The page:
In addition, regular cycling based events are taking place in the Quad at UCL. Dr Bike, the local cycle maintenance scheme, is available for repairs whilst the police offer a bike-marking service – to help them identify stolen bikes. Jackson said: “We have had lorries in the Quad so cyclists can sit in the driver’s seat and get firsthand experience of what can and cannot be seen from the driver’s position.”
One of the more controversial measures to improve safety on the roads is that of strict liability, whereby the driver's insurance is deemed responsible when a collision occurs between a cyclist and a car, unless the driver can prove otherwise. Jackson argues that the UK is one of only five European countries that hasn’t introduced strict legal liability on the roads.
Jackson also looks to the continent for other ideas, including following the Netherlands's example and reducing speed limits: “In my view, cycle lanes should be used at key junctions and on particular ‘unfriendly’ highways, but a more appropriate alternative would be to introduce 20mph speed limits across the city.”
Leach believes getting commuters on bikes is vital, particularly at times when there is so much negative press surrounding deaths: “The CycleToWork tax relief scheme was very well advertised and reached a lot of people, leading to a big increase in the numbers taking cycling up. However, I’m not keen on Barclays Cycle Hire as I believe it’s irresponsible to introduce novices to London’s roads before installing adequate cycle infrastructure for them. Tourists are even more vulnerable - I often come across them cycling on the wrong side of the road!”
“Overall we need to change the culture to one where roads are shared. I am not usually shown the same courtesy and respect that motorists offer other motorists. They frequently misjudge my speed or take action to force me into moving out of their way, often effectively running me off the road and forcing me to the kerb.”
The UCL community should contact Richard Jackson if you have ideas on how to improve the cycling experience around campus (firstname.lastname@example.org).
Liz Almond - Managing Editor, Office of the Vice-Provost (Research)
“I cycle to work every day from my home in South London, it's cheaper than the tube and means I can avoid the gym! Provision for cycling at UCL is patchy - some buildings have lockers and showers, but not all of them, and it can be tricky to find somewhere to lock your bike on campus. The back streets around Bloomsbury are generally quiet and safe, but we really need more space for cycling on main roads like Euston Road and Upper Woburn Place, and I think UCL should encourage Camden Council to upgrade the protected bike lane on Torrington Place – it’s an important link for staff and students but it’s not wide enough to cope with the number of cyclists using it now.”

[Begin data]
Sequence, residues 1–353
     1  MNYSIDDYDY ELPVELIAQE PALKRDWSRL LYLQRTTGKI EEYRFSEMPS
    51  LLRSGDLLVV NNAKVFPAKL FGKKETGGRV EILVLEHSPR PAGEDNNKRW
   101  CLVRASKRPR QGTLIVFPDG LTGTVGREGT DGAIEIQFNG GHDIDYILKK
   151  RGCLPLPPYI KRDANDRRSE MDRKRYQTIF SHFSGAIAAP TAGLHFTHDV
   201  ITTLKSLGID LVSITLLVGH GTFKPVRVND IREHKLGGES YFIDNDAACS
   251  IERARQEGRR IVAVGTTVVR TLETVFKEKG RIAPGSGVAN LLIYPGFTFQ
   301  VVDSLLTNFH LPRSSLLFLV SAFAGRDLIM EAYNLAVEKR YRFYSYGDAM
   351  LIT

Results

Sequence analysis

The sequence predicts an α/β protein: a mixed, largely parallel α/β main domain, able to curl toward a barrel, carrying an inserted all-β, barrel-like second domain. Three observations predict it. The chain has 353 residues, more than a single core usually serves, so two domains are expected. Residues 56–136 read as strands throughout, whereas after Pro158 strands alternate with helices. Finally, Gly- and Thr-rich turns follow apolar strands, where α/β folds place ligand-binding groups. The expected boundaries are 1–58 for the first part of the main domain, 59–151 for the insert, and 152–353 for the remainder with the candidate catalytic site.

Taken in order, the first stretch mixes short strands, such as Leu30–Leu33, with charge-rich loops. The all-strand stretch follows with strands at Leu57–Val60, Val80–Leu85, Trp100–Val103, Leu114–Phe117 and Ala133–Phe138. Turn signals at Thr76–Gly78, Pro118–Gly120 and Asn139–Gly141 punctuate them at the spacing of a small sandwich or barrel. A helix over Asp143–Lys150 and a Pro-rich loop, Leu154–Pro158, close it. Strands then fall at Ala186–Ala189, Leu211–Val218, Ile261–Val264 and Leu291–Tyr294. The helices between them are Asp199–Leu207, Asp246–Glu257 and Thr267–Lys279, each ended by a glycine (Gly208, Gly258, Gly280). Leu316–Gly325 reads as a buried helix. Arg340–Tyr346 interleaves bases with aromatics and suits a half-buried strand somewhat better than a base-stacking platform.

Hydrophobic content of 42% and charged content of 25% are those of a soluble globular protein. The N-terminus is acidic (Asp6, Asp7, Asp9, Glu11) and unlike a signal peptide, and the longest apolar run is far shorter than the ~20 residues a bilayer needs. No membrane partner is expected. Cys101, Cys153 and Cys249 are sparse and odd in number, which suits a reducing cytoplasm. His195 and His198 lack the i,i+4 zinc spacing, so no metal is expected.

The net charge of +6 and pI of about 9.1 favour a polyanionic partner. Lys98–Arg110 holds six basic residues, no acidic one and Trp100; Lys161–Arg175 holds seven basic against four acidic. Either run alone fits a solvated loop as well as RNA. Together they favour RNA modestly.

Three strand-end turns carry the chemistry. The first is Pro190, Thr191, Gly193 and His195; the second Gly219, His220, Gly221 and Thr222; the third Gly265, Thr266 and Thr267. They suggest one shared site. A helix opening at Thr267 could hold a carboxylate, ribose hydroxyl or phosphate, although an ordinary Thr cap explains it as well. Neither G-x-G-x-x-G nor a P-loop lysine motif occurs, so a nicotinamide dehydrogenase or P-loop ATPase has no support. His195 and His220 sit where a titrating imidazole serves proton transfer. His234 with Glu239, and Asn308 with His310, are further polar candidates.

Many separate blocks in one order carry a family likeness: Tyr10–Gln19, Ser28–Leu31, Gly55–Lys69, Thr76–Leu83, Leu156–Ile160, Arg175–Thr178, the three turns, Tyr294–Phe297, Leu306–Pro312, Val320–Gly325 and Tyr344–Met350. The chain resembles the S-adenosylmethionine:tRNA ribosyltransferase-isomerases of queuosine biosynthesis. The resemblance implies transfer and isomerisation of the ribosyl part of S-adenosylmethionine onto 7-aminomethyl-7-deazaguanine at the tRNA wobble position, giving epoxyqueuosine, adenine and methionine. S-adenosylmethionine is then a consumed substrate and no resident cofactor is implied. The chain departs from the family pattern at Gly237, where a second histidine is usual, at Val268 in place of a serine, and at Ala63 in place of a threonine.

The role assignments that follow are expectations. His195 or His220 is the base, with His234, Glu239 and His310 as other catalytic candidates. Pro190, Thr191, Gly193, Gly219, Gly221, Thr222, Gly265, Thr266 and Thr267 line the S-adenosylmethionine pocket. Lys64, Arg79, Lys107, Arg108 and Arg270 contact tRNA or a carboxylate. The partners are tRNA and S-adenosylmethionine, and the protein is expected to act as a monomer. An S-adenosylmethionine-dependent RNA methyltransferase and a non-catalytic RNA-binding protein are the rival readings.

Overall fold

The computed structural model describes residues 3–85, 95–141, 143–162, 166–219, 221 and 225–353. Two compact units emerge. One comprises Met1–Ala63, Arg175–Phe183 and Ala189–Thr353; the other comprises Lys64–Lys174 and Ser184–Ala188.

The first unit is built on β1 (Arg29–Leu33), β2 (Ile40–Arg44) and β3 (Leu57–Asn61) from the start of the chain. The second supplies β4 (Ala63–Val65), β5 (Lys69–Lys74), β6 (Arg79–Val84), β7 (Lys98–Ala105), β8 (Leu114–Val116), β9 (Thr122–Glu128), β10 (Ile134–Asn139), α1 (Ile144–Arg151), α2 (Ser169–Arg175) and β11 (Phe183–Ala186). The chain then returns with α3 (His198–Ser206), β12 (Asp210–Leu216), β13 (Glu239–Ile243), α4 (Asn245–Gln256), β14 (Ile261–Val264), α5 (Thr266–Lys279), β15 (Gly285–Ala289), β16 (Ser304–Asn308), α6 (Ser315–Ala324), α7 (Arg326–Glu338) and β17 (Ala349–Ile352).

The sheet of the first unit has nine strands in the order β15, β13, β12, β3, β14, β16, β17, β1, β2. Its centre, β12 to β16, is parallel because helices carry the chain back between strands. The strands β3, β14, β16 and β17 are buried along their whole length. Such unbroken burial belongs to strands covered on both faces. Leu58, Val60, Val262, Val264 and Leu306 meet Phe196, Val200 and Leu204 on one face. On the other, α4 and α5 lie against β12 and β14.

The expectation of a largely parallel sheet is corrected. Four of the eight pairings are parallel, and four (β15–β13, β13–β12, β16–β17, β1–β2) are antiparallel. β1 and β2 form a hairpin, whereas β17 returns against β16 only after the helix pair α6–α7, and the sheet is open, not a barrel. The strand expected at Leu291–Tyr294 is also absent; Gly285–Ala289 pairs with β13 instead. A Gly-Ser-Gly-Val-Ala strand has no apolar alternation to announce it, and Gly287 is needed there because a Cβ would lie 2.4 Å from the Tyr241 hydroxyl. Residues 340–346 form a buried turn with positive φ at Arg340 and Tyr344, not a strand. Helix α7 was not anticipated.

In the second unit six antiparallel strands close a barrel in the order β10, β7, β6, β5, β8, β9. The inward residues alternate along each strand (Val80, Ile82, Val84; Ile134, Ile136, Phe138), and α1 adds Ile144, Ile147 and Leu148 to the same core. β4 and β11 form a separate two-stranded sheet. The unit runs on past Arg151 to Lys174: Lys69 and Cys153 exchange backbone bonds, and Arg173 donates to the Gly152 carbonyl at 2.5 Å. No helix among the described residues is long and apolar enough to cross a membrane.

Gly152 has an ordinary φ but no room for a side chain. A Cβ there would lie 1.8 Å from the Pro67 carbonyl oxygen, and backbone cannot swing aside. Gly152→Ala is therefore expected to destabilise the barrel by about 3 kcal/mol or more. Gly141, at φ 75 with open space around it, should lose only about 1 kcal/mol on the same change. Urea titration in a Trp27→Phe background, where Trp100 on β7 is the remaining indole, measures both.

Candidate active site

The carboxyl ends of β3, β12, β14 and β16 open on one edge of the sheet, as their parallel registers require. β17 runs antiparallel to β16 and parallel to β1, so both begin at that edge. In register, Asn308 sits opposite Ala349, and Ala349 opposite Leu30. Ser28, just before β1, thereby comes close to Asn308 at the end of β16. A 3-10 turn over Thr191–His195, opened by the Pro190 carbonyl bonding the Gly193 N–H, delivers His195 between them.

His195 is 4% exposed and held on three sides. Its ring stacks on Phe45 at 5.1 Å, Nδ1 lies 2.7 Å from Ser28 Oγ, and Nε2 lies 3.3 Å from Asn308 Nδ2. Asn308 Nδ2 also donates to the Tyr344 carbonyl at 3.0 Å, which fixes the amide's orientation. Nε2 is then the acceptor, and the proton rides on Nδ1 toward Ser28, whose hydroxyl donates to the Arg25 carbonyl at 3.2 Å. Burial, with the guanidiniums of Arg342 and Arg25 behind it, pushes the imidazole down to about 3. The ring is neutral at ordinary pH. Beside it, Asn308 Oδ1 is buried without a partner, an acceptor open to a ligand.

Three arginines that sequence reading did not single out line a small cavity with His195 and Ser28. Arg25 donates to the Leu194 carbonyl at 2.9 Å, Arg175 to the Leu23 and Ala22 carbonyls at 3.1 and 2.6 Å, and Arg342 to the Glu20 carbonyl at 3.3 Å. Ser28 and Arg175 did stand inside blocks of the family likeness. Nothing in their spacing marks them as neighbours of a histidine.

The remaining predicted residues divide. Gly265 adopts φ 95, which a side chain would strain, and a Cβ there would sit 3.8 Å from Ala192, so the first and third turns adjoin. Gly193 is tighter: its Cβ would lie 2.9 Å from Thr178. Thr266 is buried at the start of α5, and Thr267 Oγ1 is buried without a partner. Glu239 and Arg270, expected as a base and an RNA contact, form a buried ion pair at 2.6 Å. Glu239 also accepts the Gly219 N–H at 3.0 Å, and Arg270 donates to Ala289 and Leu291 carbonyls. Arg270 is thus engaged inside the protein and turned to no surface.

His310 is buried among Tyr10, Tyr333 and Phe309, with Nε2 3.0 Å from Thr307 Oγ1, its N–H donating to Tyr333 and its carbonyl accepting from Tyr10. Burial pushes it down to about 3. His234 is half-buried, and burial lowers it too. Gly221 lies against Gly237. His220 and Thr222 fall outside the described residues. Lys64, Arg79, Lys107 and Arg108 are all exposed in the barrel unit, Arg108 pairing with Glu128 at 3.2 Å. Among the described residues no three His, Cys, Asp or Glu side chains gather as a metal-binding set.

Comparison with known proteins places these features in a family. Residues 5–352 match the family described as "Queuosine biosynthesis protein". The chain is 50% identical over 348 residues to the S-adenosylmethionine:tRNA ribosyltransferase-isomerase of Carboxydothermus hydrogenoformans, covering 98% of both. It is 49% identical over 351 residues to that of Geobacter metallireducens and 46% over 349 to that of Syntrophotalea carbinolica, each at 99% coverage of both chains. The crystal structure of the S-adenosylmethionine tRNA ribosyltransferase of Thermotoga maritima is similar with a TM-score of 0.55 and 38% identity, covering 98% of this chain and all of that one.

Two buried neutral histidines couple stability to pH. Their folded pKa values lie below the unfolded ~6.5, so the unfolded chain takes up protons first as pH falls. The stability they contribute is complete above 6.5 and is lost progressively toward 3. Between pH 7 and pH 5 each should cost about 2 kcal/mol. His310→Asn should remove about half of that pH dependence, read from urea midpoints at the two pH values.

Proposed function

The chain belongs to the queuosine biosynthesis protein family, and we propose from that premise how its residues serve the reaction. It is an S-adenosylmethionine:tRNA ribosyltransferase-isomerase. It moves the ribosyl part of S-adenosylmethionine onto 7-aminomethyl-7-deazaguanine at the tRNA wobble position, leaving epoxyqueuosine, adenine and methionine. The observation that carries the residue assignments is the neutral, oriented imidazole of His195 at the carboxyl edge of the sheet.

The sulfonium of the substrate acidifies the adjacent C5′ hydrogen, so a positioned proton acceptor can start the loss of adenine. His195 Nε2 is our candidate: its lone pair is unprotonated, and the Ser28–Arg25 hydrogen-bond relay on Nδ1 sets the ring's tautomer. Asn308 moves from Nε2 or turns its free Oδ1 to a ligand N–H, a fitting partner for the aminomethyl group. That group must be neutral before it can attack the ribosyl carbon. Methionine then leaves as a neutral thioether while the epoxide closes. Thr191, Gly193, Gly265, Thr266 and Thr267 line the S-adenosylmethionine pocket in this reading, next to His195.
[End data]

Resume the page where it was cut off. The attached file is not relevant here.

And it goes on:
Axel Fougner - MSc Economics
“I usually cycle to campus from my flat in Hoxton, because its faster, cheaper, and more fun than taking the tube (except in heavy rain, of course). Either way, getting to campus takes me a bit less than 20 minutes. Closer to campus, I use the fully segregated bike lane along Tavistock Place and Torrington Place. But this stretch is so crowded during rush hours that one green light phase sometimes isn't enough for all the waiting cyclists to cross Woburn Place. Overall, I'm pleased with the cycling infrastructure on the southern and eastern side of campus, although more bike parking is definitely necessary. Even in December, it's often difficult to find a spot, especially in the area around the Gower Street Waterstones and the ULU building.”
Tom Cohen - Deputy Director, UCL Transport Institute
“In the context of all the talk about separating bikes from other traffic, I’m not a fan of the segregated facilities on Torrington Place: I think that having both cycle lanes (east- and west-bound) on the north side of the carriageway both confuses drivers and means that cyclists going in opposite directions risk collision. But plenty of people ride these lanes so I’m probably in a minority. As for parking, the good people of UCL Estates have heard quite a bit from me concerning the need for improved parking facilities in the quad, beside the Chadwick Building. Can we find a solution that will please the peddlers and the aesthetes?”